In the early morning hours of August 2, 1943, a Japanese destroyer dissected US Navy Patrol Torpedo Boat 109 somewhere near the Solomon Islands in the South Seas. This tragic event might have been lost in the annals of history, one of the numberless casualties during World War II.
Except that PT 109 was captained by a young John F. Kennedy, future president of the United States. After leading his surviving crew in a 3.5-mile swim to safety, the young Kennedy swam additional miles to find food, water, and help, despite injuring his back in the explosion. Eventually, he successfully dispatched a message carved on coconut to an American military outpost via native coastwatchers. After nearly a week, the Kennedy and his crew were rescued.
The story became the stuff of legends. It was reported in detail in the New York Times, inspired a movie and books, and earned Kennedy a Medal of Honor. Kennedy’s status as a war hero fueled his political career and his bid for the White House.
JFK wasn’t the only President who served in the Navy. Five others — Lyndon Johnson, Richard Nixon, Gerald Ford, Jimmy Carter, and George G. W. Bush — were also Navy veterans. However, the two presidents who had the most significant impact on the Navy never served in the military. They never sailed on a ship except as passengers. Yet they have been nicknamed the Father of the Navy and the Architect of the Navy. They are John Adams and Theodore Roosevelt.
Have you ever wondered why October has two days dedicated to the Navy? If you check your calendar, you will see the Navy’s Birthday on October 13, followed by National Navy Day two weeks later.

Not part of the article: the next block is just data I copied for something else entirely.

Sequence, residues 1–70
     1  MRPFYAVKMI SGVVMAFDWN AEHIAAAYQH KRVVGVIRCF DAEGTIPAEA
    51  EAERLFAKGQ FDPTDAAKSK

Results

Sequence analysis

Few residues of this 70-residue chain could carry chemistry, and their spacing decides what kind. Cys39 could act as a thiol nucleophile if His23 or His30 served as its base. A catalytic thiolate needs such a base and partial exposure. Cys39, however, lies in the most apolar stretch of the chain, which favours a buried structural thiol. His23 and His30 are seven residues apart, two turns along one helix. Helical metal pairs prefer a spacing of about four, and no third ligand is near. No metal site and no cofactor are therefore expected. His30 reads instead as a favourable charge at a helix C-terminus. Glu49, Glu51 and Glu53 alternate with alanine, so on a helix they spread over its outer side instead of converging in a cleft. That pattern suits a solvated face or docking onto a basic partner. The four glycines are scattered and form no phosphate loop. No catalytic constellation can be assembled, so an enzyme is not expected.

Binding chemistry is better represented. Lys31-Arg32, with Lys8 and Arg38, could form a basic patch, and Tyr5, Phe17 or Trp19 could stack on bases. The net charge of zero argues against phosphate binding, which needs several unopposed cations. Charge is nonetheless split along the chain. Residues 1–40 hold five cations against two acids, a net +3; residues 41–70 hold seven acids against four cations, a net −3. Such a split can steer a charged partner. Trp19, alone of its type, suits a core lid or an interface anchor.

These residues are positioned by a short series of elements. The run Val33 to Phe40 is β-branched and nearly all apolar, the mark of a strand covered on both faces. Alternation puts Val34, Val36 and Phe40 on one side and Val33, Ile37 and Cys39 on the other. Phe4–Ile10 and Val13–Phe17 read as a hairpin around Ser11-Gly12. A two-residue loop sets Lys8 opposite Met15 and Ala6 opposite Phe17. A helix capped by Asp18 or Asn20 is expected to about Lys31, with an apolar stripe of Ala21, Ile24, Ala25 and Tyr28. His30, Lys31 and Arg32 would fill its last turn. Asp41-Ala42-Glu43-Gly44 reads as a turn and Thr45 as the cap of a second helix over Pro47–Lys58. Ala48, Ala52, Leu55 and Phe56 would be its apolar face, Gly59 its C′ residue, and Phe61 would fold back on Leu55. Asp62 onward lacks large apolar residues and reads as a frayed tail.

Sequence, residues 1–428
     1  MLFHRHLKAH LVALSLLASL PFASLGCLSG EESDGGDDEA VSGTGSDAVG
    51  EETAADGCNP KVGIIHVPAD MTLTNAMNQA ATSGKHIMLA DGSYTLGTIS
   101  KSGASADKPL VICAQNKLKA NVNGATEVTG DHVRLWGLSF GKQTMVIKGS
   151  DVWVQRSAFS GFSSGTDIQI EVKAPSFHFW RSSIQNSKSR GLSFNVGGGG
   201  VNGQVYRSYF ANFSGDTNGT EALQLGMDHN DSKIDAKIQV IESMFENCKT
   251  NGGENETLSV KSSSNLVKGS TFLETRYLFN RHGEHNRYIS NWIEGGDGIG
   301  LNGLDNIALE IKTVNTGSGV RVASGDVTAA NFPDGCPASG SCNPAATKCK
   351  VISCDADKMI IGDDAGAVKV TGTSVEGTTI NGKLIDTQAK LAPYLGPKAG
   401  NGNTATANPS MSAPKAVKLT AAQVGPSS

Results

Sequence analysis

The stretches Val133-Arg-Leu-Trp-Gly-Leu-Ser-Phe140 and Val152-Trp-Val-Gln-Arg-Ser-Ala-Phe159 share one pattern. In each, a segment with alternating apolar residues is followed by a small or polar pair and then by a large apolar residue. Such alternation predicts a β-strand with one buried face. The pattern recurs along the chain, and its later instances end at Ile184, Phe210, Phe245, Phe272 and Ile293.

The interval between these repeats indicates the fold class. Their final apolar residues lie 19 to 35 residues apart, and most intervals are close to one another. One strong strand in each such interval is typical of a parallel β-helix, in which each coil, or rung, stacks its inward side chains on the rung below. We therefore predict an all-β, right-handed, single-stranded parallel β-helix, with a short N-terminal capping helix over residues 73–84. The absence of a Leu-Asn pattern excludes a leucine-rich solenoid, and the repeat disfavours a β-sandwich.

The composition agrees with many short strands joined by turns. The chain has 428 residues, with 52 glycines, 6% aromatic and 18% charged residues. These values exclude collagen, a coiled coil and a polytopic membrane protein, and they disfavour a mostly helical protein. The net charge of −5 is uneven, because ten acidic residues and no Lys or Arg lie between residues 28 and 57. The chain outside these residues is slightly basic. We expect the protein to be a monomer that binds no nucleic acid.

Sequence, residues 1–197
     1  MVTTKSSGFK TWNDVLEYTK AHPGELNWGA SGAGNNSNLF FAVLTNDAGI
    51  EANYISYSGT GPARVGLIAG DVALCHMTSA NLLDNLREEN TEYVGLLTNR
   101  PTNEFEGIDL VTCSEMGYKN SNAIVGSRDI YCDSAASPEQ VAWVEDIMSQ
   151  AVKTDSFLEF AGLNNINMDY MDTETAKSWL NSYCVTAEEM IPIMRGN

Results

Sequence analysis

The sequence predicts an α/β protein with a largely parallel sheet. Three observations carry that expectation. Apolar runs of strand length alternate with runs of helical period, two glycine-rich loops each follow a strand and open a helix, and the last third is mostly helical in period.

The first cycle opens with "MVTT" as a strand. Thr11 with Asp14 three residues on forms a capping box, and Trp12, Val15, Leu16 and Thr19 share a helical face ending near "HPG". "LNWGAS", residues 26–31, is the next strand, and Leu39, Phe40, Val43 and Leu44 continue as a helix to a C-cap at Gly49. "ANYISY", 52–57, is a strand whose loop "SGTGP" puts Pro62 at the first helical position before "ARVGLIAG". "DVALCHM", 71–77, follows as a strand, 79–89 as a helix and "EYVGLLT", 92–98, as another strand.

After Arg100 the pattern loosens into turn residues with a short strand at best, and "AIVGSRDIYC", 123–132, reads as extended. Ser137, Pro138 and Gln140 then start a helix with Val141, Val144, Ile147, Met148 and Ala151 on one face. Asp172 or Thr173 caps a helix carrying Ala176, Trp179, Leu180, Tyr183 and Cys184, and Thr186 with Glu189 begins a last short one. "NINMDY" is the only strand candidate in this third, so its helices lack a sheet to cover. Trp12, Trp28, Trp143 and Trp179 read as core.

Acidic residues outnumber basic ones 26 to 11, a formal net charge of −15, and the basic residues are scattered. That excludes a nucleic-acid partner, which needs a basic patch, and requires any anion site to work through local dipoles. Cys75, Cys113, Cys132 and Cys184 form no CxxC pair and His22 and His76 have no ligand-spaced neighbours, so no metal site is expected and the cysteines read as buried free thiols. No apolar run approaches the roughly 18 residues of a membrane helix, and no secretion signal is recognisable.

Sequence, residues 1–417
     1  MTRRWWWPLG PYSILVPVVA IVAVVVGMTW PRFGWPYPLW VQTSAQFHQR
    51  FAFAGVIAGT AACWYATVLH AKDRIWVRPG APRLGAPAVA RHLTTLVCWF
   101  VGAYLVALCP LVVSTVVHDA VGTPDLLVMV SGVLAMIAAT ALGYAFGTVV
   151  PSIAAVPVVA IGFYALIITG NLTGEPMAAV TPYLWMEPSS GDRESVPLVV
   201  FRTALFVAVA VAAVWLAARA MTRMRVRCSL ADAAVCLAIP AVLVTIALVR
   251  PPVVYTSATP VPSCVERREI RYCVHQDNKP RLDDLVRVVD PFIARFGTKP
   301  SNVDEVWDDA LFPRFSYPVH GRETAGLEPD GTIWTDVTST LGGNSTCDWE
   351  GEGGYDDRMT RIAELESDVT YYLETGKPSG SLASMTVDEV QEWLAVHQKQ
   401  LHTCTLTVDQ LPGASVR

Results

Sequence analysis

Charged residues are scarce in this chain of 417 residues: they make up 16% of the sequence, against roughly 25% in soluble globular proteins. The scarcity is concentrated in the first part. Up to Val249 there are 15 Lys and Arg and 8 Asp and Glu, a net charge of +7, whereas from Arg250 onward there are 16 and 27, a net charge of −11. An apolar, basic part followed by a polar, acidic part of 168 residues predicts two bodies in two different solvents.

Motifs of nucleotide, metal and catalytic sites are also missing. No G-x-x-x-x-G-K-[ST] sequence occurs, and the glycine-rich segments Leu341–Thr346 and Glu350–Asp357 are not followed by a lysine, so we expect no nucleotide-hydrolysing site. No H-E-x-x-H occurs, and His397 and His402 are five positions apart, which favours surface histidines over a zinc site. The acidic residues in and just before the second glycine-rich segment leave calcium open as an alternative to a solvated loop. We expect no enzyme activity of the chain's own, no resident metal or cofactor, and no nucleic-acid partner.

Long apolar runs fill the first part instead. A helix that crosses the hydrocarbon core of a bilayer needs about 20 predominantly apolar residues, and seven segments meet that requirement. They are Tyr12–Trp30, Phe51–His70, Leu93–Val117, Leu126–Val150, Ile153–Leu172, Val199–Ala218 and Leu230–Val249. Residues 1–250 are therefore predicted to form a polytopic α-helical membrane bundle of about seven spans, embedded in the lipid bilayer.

While you might assume National Navy Day was an afterthought, it started earlier. The first celebration of Navy Day was in 1922 and was a rousing success! In fact, the Secretary of the Navy at the time received a congratulatory note from President Warren G. Harding.
The day aimed to honor navy personnel and recognize the Armed Forces’ sea-going branch. After World War I, Americans were grateful for the Navy’s vital contributions to the war effort. The Navy League of the United States, a civilian organization, spearheaded plans to celebrate on October 27.
The League chose the date for two reasons. First, many believed it was the Navy’s birthday. However, this was a matter of debate. Details of naval history had been obscured over the previous 150 years, making it difficult to pin down a specific date. Historians who argued for October 27 cited a report to the Second Continental Congress recommending the purchase of several ships to found a national navy.
In addition, the Navy League favored October 27 because it was President Theodore Roosevelt’s birthday. During his lifetime, Roosevelt made significant contributions to the development of the US Navy, earning him the moniker “Architect of the Navy.” In addition, he was the first to suggest the idea for Navy Day, so it seemed a fitting way to honor him.
President Theodore Roosevelt had a lifelong interest in the Navy. It began while he attended Harvard University and Columbia Law School. In addition to his studies, he scoured naval documents and other source material to write a book entitled The Naval War of 1812. This detailed, scholarly work examined the technology and strategies used by the British and American Navies during the 1812 conflict.
The book was published in 1882. Although not a best seller, it was considered a seminal work in naval history. Four years later, the US Navy purchased copies to place on every ship in the fleet. The work of a 23-year-old law student had become a standard resource for American naval officers.
In 1897, Roosevelt was appointed the Assistant Secretary of the Navy. While his supervisor concerned himself with navy formalities and protocols, Roosevelt focused on function. He consulted top strategic experts to develop a response plan in the event of war. He also worked to modernize the fleet, commissioning the construction of new battleships.
His efforts paid off in 1898 when an American armored cruiser exploded in the harbor of Havana, Cuba. Later, Naval officers credited the United States’ victory in the Spanish-American War to Roosevelt’s actions.